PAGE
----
By reference to the drawings, it will be seen that the hanger comprises an upper supporting frame consisting of arms 10 and 11, the free end of the latter being secured to the former as illustrated at 12. These arms are slightly separated and bent into the loops 13, and then converged and bent to form the loop 14. The wire forming the arm 10 is bent to form a supporting hook 37, the shape or outline of which is clearly illustrated in Figs. 3 and 6, that is the wire is bent backwardly as at 15, in order to accommodate the collar of the coat to be suspended on the hanger, and preserve its shape, the wire being then bent upwardly as at 16, and over into hook form as at 17, this form of hook being adapted to properly suspend the garment hanger from the rod (not shown) near the ceiling of the sleeping car, and from which rod the curtains are also usually hung. The wire is then bent to form the arms 18 and 19, loops 20, and the loop 21, this portion of the frame being preferably formed of one continuous piece of wire, the arms 18 and 19 being slightly separated at their outer ends where they form the loops 20, as in the case of the arms 10 and 11, the free end of the arm 19 being secured to the arm 18, as illustrated at 22. This upper frame, formed of a single continuous piece of wire, is adapted to support a coat, or coat and vest, or like garment, as illustrated in Fig. f the drawings, and for the support of the trousers, I secure to this frame the bar 23. this bar being wrapped or twisted around the loops 14 and 21, as illustrated in Fig. 2, the free ends of this bar or wire forming the spring arms 2+l21 for the support of the lower ends of the trousers as hereinafter described. From the bar or rod 23 and near the ends thereof where the same are twisted around the loops 14: and 21, are suspended the spring clips 2525, comprising the supporting arms or straps 2626, and the spring-actuated arms 2727, the arms 26 being connected by the bar orstrap 28, against. which the ends 01 the springactuated arms 27 impinge. The arms 26 are preferably slitted as shown in dotted lines, Fig. l, and the metal between said slits punched inwardly to form the tongues 29, in order to assist in retaining the trousers in the clips, as clearly illustrated in the sectional view, Fig. 4.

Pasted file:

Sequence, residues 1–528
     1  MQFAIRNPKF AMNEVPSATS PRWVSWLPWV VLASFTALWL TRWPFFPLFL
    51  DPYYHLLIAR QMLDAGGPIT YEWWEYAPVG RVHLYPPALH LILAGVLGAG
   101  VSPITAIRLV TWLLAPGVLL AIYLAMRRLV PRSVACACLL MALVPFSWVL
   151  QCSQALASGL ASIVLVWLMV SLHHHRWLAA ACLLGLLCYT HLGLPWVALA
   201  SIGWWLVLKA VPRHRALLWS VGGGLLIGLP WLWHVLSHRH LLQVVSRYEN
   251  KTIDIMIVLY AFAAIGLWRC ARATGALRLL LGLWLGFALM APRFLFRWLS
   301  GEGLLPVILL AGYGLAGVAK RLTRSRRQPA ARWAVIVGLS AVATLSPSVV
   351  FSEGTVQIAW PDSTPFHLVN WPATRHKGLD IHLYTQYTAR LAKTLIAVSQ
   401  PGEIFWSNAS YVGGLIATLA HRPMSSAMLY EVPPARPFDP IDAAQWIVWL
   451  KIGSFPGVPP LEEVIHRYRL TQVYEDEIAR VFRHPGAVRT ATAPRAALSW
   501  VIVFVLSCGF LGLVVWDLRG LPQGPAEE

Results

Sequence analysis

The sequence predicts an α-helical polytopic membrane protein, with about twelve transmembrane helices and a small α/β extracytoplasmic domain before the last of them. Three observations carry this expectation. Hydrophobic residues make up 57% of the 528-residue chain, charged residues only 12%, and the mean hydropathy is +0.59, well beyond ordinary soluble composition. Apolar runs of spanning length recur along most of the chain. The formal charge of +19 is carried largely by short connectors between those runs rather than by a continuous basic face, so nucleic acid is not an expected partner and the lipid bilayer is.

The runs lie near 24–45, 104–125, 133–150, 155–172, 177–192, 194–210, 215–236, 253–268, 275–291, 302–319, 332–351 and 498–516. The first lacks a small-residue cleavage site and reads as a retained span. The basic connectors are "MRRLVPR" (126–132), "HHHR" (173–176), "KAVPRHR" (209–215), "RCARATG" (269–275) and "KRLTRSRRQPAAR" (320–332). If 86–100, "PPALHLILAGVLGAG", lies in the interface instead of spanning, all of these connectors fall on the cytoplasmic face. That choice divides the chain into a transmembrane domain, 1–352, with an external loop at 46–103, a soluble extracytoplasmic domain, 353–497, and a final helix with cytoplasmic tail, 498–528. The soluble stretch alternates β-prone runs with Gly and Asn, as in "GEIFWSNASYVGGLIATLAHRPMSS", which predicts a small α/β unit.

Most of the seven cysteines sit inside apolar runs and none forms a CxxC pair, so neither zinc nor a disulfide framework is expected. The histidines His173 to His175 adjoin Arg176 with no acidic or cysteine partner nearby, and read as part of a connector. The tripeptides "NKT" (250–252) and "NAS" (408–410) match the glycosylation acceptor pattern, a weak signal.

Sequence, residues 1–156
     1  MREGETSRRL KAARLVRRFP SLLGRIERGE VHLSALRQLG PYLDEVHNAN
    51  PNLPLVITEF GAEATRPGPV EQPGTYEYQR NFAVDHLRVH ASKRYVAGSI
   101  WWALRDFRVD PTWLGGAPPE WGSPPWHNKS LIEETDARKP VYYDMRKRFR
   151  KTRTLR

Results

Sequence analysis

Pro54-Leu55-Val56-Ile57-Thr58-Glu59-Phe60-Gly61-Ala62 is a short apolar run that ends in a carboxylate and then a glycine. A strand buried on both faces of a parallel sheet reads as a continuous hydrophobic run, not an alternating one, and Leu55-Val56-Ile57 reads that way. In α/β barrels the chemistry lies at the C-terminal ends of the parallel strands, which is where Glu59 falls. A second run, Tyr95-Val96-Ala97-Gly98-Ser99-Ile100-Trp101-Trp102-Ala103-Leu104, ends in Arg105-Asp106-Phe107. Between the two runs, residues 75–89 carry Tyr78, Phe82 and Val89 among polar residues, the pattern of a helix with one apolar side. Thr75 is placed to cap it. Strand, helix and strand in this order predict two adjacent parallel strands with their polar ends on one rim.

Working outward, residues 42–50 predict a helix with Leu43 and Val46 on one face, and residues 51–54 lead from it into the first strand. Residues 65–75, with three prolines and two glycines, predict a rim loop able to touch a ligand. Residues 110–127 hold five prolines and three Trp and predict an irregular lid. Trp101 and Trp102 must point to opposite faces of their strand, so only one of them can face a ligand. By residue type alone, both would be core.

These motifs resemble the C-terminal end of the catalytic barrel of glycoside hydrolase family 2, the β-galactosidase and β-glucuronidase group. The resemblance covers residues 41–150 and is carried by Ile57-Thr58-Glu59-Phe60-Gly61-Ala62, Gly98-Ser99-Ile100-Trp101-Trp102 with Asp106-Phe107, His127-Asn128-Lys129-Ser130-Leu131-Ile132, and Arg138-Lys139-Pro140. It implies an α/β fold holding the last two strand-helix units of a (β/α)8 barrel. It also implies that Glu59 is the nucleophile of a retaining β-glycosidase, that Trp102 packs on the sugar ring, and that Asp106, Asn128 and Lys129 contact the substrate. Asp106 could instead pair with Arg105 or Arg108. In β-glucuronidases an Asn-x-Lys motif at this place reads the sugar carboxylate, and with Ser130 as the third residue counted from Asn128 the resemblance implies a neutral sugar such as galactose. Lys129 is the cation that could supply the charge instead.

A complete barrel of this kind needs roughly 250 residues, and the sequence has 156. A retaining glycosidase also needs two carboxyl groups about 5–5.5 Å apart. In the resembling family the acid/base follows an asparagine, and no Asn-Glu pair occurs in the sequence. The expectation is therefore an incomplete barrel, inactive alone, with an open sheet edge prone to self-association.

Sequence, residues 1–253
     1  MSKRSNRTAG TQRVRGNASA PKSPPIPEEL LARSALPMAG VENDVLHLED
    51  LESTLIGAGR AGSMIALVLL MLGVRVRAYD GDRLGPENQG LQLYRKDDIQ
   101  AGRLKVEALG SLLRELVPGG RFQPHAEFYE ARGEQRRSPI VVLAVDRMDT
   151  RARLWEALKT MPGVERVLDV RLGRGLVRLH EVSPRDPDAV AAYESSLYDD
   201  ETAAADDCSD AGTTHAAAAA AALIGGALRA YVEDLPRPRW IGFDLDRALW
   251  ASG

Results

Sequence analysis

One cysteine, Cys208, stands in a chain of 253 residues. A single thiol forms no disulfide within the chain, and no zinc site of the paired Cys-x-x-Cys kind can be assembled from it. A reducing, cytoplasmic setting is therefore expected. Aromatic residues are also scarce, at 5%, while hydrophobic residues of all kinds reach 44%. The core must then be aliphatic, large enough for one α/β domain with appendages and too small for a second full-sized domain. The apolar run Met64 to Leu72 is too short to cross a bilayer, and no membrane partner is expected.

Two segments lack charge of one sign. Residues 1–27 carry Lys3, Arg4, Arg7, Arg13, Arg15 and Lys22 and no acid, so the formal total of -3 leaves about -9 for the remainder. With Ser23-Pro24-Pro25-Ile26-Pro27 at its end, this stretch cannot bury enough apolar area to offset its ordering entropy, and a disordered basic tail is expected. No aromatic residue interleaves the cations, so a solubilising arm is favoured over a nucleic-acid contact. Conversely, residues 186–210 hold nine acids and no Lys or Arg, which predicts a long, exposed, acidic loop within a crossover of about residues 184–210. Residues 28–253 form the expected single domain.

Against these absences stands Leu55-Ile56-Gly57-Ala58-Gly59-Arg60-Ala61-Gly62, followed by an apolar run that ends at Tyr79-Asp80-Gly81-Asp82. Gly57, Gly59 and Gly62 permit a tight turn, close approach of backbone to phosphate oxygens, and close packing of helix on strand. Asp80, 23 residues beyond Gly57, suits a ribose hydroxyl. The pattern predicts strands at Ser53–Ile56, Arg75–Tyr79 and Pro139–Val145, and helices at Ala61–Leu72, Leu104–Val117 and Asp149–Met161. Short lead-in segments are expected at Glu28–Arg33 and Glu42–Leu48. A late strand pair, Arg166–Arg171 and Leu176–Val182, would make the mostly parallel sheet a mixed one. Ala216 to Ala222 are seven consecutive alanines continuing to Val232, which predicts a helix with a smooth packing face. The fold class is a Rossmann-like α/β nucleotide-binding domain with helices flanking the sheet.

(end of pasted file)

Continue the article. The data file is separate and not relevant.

In suspending the clothing from the garment hanger, the coat and vest are placed over the upper supporting frame, as illustrated in Figs. 5 and (3, that is, over the arms 10 and 11, and 18 and 19, the coat collar fitting nicely within the hook formed integral with the frame. The waist band 30 of the trousers 31 is then inserted in the clips 25, as clearly illustrated in Figs. 4 and 6 of the drawings. The trousers are then folded and the lower ends thereof inserted between the spring arms 24 and rod 23, as illustrated in Fig. 6, and also in the lower portion of Fig.
5, thus so supporting the trousers that they will occupy but little space, and at the same time prevent the contents of the pockets from falling out of the same.
To adapt the hanger to be used in connection with the upper or lower berth, I secure to the cross bar 33 of the hook a leather or other flexible strap 34, this strap being preferably buttoned or otherwise removably secured to the hook, the upper end of the strap being provided with a rigid book 35, whereby to suspend the hanger over the front rail 36 of the upper berth. In case the hanger is to be used in connection with the upper berth, the hook 37 of the upper supporting frame may be passed over the curtain rod 38 and the hanger suspended therefrom, as illustrated in Fig. 5, and in the event the hanger is to be used in connection with the lower berth, the hook 35 is passed over and upon the front rail 36 of the upper berth, the hanger being suspended opposite the lower berth, as illustrated in the lower portion of Fig. 5, the flexible strap 34: preventing the scratching or marring of the rail.